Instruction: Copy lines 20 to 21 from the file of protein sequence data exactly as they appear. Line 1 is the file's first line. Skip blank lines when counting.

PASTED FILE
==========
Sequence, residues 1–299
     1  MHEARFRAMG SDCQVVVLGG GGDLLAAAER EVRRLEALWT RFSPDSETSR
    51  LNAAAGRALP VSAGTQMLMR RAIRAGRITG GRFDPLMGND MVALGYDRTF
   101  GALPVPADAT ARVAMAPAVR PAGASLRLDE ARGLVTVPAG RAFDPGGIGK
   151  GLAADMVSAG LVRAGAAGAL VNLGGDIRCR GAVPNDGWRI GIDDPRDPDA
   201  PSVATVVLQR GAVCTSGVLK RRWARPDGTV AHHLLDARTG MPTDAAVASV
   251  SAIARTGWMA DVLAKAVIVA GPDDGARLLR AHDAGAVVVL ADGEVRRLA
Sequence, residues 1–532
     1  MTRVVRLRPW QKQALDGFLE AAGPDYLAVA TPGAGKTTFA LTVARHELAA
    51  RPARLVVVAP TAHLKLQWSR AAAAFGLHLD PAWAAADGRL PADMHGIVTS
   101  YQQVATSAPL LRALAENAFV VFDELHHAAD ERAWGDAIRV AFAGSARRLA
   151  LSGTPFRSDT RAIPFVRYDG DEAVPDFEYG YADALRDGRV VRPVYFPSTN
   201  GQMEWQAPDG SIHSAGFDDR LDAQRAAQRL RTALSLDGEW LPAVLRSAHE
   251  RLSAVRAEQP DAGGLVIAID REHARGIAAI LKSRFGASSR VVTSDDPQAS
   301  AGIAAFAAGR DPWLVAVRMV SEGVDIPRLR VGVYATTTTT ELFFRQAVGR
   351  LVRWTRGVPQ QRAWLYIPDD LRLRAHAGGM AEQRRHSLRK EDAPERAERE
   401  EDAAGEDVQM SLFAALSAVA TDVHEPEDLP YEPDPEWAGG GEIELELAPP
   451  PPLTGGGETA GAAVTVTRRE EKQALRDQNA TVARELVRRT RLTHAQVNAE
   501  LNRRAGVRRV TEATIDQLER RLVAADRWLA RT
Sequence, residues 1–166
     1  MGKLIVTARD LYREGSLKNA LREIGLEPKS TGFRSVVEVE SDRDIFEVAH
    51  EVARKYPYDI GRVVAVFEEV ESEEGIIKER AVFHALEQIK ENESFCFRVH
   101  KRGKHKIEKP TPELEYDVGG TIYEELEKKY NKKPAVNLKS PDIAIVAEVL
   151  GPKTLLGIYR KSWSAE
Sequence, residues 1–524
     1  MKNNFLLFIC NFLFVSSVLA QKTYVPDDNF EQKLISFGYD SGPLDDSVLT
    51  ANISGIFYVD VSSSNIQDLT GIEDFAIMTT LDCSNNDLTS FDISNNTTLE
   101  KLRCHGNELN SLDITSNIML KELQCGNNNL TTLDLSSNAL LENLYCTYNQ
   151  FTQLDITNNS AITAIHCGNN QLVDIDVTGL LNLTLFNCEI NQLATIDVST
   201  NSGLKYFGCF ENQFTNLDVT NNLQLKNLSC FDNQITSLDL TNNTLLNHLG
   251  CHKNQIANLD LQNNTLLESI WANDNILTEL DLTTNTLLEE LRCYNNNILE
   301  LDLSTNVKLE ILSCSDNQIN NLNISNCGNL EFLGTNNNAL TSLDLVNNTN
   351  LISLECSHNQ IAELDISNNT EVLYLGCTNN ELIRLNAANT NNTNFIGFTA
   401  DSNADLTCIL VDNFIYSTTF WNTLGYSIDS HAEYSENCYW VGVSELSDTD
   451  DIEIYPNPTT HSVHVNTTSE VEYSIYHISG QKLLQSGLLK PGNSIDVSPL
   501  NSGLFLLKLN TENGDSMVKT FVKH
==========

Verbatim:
Sequence, residues 1–166
     1  MGKLIVTARD LYREGSLKNA LREIGLEPKS TGFRSVVEVE SDRDIFEVAH